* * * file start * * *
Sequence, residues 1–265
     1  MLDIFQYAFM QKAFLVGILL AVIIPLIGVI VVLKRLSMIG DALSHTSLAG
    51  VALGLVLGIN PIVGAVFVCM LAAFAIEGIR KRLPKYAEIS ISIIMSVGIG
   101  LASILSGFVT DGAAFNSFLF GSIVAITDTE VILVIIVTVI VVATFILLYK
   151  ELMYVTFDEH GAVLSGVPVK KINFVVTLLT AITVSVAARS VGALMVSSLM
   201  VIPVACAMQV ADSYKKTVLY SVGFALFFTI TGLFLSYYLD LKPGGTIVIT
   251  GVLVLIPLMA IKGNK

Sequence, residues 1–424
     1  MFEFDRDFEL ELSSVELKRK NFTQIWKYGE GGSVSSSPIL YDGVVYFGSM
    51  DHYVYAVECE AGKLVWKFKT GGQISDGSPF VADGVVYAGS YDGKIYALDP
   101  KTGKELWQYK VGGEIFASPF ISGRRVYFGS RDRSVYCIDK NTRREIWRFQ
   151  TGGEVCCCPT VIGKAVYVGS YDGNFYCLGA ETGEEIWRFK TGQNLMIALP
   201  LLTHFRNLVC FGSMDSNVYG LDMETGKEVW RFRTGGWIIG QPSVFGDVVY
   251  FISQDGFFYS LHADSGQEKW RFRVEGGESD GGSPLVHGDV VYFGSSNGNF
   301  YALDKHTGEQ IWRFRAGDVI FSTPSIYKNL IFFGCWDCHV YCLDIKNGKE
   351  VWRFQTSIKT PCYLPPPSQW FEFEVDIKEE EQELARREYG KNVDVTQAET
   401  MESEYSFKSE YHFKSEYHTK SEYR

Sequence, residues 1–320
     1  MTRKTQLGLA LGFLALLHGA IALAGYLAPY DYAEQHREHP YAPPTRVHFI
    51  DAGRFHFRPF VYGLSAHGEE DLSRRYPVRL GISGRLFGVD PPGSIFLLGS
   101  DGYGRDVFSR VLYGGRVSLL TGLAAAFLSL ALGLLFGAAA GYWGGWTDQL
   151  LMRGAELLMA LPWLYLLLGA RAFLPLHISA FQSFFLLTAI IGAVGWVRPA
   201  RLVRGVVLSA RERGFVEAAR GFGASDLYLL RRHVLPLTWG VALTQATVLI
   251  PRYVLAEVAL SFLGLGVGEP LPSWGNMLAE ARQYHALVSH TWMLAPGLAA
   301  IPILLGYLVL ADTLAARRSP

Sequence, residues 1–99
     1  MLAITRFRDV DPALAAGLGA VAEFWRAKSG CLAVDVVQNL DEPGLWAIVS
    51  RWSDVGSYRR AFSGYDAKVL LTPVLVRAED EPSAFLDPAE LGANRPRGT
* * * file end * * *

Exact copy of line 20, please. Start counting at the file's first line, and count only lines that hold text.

    51  DAGRFHFRPF VYGLSAHGEE DLSRRYPVRL GISGRLFGVD PPGSIFLLGS